How The Free-Spirited Alastair Borthwick Became A Scottish Legend

Before becoming the celebrated personality that he became, Alastair

Borthwick had to begin from very humble beginnings. Born in Rutherglen in

1913, Mr. Borthwick not only developed a passion for journalism but also

made a career out of it at a tender age of 16. he first had a stint as a

columnist with Evening Times. After that, he moved to the Glasgow Herald.

Unfortunately, his career was cut short because of the second world war.

His experience in the frontline made him develop a hatred for the violence.

And so as soon as the second world war came to an end, Mr. Borthwick came

back home with a new set of milestones to crush.

He decided to branch out from journalism and venture into writing for radio

and TV productions – a bold move that would eventually turn him into a

legend that is celebrated to this very day. With his incredibly polished

penmanship, it became very easy for him to make an impression. He rose

through the ranks pretty quickly and his talents were not only noticed but

appreciated fully.

By the early sixties, his name was already etched in the proverbial stones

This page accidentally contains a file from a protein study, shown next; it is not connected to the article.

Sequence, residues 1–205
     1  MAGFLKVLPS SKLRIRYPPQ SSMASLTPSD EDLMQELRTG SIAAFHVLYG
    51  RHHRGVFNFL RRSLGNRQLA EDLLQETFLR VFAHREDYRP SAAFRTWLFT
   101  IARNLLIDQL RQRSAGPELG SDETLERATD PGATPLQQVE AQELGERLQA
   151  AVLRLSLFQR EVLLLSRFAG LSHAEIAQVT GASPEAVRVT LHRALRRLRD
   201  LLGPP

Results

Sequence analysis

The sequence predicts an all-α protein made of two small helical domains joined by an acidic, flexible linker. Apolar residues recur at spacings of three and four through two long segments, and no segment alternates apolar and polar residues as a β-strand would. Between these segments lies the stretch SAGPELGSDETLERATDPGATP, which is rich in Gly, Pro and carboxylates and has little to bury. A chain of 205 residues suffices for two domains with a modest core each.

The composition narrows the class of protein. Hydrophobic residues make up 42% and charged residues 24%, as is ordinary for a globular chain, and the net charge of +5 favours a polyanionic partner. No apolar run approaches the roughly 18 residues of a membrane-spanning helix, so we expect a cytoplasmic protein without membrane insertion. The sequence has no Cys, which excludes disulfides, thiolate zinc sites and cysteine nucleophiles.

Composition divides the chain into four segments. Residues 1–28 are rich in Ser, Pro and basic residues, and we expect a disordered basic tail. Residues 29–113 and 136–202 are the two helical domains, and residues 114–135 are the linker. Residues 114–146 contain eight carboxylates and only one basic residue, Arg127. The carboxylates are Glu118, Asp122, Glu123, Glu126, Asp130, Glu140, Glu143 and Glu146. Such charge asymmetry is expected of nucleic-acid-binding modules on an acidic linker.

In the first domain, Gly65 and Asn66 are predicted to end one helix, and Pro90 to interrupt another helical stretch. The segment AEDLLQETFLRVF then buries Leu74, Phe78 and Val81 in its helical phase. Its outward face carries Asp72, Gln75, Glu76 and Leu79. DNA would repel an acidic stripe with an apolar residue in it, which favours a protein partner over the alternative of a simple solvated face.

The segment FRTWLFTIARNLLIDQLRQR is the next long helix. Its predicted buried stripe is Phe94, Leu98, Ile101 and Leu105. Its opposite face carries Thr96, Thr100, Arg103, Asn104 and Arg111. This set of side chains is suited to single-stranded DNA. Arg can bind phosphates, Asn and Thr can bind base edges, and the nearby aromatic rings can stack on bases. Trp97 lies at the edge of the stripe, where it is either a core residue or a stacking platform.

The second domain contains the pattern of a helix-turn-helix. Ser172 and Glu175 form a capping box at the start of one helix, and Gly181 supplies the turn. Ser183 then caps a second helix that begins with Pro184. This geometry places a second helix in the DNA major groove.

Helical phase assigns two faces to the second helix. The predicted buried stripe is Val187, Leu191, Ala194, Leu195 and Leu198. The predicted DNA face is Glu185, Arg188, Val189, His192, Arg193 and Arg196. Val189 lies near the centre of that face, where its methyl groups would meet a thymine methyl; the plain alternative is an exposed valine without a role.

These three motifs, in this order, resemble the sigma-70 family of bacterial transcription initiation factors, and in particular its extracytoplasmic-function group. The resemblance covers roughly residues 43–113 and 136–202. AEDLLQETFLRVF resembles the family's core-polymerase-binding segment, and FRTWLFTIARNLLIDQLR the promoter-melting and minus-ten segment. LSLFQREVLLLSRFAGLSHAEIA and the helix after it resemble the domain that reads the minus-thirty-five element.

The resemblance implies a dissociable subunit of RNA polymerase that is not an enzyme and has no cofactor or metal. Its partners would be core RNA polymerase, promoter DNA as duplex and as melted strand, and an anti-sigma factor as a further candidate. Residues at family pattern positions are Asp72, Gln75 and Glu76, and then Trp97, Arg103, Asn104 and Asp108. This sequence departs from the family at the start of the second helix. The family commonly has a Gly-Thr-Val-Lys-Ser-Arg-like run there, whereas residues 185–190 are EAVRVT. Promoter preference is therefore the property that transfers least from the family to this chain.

of TV production. For starters, he had managed to write and produce well

over 150 TV programs. Some of the most successful titles included

Spellbinders, The Scottish Soldier, Master-Builders, and Inventors just to

mention a few.

Alastair Borthwick wasn’t really a big fan of school. He preferred going

out and having a good time with his friends. It was believed that his

adventurous nature was what made him the timeless author that he became.

Away from writing and directing, Mr. Borthwick also fell in love with

hiking, which seemed to appeal to his adventurous side.

Over the weekends, he would take some time off the office work and in the

company of some locals, he would do some hillwalking.

What made him fall in love with doing so was because it was both healthy as

well as beautiful. By 1939, Mr. Borthwick authored and published “Always A

Little Further” which gave the public an insiders view of hiking as a

possible pastime. This publication encouraged many Scottish people to come

out and enjoy hiking, which at the time was considered a part-time for the

wealthy.